• as regards recycling efficiencies, increased targets for lead-acid batteries (recycling of 75 % by average weight of LABs by 2025, rising to 80 % by 2030) and new targets for lithium-based batteries (65 % by 2025, 70 % by 2030). The proposed regulation also envisages specific material recovery targets, namely 90 % for cobalt, copper, lead and nickel, and 35 % for lithium, to be achieved by the end of 2025. By 2030, the recovery levels should reach 95 % for cobalt, copper, lead and nickel, and 70 % for lithium.
  • requirements relating to the operations of repurposing and remanufacturing for a second life of industrial and EV batteries;
  • labelling and information requirements. From 1 January 2027, batteries should be marked with a label with information necessary for the identification of batteries and of their main characteristics. Various labels on the battery or the battery packaging would also provide information on lifetime, charging capacity, separate collection requirements, the presence of hazardous substances and safety risks. Depending on the type of battery, a quick response (QR) code would give access to the information relevant for the battery in question. Rechargeable industrial batteries and EV batteries should contain a battery management system storing the information and data needed to determine the state of health and expected lifetime of batteries.This system should be accessible to battery owners and independent operators acting on their behalf (e.g. to facilitate the reuse, repurposing or remanufacturingof the battery);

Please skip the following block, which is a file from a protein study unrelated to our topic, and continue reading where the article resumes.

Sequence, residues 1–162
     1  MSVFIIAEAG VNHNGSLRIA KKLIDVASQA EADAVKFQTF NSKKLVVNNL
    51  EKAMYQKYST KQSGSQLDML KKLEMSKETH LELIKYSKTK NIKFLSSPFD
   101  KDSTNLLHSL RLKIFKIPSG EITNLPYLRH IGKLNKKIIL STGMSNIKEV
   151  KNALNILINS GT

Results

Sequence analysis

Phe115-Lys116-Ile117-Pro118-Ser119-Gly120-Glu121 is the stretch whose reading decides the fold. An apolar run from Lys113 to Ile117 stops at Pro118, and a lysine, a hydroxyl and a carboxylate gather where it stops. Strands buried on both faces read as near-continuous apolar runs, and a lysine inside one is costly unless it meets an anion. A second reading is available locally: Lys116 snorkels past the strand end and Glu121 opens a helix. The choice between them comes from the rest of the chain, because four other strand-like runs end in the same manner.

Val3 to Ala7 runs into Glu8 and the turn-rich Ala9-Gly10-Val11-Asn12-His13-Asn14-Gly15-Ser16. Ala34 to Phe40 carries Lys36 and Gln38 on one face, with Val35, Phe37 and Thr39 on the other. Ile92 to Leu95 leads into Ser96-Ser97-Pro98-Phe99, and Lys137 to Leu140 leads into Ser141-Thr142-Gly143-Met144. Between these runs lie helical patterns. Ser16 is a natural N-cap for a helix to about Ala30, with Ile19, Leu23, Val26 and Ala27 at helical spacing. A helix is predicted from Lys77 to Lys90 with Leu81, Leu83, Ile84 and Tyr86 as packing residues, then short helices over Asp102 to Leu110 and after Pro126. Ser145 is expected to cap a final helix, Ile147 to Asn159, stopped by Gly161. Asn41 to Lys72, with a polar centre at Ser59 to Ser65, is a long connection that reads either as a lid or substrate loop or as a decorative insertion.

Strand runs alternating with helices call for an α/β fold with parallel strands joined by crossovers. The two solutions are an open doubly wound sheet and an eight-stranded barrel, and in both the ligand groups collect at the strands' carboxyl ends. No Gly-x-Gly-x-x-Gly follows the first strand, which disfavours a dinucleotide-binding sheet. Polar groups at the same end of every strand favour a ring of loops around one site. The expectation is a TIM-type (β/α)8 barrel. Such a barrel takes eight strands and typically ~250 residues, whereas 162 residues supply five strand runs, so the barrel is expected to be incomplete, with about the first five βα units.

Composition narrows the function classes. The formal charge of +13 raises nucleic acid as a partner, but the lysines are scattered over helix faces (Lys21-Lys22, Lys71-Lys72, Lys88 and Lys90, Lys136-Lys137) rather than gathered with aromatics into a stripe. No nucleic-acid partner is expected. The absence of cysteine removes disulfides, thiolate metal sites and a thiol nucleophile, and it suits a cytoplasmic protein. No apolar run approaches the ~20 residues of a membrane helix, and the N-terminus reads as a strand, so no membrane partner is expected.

• the setting up, by 1 January 2026, of an electronic exchange system for battery information, with the creation of a battery passport (i.e. electronic record) for each industrial battery and EV battery placed on the market or putinto service.
Click to View Added Changes

On 10 February 2022, the ENVI committee adopted its report on the proposal, with 74 votes in favour, to 8 against, with 5 abstentions. The report introduces the following main changes to the Commission’s proposed text.